Reinterpreting causal discovery as the task of predicting unobserved joint statistics

May, 2023


If X,Y,Z denote sets of random variables, two different data sources may contain samples from PX,Y and PY,Z, respectively. We argue that causal discovery can help inferring properties of the `unobserved joint distributions' PX,Y,Z or PX,Z. The properties may be conditional independences (as in `integrative causal inference') or also quantitative statements about dependences.

More generally, we define a learning scenario where the input is a subset of variables and the label is some statistical property of that subset. Sets of jointly observed variables define the training points, while unobserved sets are possible test points. To solve this learning task, we infer, as an intermediate step, a causal model from the observations that then entails properties of unobserved sets. Accordingly, we can define the VC dimension of a class of causal models and derive generalization bounds for the predictions.

Here, causal discovery becomes more modest and better accessible to empirical tests than usual: rather than trying to find a causal hypothesis that is `true' a causal hypothesis is {\it useful} whenever it correctly predicts statistical properties of unobserved joint distributions. This way, a sparse causal graph that omits weak influences may be more useful than a dense one (despite being less accurate) because it is able to reconstruct the full joint distribution from marginal distributions of smaller subsets.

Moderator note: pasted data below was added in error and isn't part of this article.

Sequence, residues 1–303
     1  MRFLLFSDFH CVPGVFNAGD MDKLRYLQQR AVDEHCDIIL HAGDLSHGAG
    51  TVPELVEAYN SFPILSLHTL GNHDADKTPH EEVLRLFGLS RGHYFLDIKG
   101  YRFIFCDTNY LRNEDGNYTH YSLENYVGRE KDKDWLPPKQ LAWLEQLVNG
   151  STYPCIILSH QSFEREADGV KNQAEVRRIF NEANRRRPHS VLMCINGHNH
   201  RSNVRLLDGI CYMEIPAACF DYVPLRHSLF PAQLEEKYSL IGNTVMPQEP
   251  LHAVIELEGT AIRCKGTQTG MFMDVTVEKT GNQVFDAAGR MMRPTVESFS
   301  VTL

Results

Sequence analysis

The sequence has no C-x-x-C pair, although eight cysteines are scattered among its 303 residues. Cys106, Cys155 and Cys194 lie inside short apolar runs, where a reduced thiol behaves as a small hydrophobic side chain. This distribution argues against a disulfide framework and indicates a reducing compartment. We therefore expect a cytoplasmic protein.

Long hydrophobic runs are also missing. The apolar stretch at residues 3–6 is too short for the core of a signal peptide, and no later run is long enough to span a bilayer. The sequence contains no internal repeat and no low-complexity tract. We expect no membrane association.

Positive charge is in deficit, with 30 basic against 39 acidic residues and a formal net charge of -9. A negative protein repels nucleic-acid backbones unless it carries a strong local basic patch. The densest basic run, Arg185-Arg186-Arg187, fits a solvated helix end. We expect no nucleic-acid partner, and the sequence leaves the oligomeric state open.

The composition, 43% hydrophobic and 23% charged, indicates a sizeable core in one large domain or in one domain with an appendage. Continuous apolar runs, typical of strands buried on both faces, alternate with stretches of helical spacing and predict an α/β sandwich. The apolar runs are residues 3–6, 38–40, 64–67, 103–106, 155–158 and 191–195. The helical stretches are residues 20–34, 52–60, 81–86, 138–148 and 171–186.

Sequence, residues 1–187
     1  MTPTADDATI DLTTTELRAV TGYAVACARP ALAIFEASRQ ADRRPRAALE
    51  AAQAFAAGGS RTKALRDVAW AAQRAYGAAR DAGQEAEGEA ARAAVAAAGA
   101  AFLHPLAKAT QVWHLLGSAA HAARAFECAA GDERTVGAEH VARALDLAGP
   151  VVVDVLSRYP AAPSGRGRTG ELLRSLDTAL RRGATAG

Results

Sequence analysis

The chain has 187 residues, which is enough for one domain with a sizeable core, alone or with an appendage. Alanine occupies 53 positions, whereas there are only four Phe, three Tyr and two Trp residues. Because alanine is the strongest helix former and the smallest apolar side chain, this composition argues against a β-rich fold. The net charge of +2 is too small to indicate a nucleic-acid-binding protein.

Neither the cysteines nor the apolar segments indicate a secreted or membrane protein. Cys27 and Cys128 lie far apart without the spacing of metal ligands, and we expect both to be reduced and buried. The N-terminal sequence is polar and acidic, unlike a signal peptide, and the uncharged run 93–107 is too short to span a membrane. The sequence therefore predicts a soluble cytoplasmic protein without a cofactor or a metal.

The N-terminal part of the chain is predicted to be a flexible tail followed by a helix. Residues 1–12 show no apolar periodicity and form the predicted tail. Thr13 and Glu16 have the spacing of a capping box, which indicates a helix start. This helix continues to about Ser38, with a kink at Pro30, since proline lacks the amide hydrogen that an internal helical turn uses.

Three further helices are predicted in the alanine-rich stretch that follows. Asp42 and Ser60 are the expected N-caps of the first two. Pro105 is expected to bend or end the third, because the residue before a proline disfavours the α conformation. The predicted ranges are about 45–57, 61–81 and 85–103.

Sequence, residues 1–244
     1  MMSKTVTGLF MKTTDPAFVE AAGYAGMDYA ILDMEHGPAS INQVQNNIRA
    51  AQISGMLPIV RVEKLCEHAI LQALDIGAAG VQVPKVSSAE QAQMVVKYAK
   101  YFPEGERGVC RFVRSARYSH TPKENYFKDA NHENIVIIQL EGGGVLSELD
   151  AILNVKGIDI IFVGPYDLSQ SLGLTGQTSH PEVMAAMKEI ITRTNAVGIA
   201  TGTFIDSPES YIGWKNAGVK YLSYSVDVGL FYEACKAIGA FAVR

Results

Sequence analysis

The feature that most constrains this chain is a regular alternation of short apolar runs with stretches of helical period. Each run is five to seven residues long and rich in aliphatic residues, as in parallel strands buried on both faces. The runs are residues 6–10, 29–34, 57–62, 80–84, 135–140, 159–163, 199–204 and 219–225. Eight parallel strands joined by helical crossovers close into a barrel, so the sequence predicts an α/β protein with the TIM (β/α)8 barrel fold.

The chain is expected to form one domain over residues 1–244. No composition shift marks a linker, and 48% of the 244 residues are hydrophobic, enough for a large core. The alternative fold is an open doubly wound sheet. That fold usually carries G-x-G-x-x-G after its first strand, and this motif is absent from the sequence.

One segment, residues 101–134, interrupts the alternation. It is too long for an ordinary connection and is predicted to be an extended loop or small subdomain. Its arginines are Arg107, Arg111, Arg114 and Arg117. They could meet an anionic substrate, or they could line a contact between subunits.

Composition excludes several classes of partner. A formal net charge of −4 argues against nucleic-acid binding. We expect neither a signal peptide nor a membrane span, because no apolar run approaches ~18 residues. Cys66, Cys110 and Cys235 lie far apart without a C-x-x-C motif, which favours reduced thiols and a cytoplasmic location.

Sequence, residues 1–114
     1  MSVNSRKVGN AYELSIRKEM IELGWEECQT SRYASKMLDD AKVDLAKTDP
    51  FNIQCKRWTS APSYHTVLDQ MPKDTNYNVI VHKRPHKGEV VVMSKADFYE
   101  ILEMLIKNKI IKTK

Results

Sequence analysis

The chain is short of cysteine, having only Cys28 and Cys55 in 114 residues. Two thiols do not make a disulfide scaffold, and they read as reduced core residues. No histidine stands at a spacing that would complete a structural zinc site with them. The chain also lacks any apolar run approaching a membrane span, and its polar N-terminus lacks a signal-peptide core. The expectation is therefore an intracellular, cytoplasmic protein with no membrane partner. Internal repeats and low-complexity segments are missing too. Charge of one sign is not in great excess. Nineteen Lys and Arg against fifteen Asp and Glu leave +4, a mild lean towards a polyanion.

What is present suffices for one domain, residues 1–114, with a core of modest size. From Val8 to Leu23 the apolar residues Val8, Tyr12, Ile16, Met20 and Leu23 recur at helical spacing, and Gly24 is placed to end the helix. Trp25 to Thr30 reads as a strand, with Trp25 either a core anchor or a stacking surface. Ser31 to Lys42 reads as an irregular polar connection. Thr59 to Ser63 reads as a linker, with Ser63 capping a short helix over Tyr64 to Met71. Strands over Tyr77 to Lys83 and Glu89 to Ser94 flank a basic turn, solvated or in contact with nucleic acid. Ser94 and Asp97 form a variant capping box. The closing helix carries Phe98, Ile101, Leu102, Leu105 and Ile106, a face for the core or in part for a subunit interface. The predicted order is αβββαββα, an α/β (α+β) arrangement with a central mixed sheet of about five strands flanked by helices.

Within such a `pragmatic' application of causal discovery, some popular heuristic approaches become justified in retrospect. It is, for instance, allowed to infer DAGs from partial correlations instead of conditional independences if the DAGs are only used to predict partial correlations.

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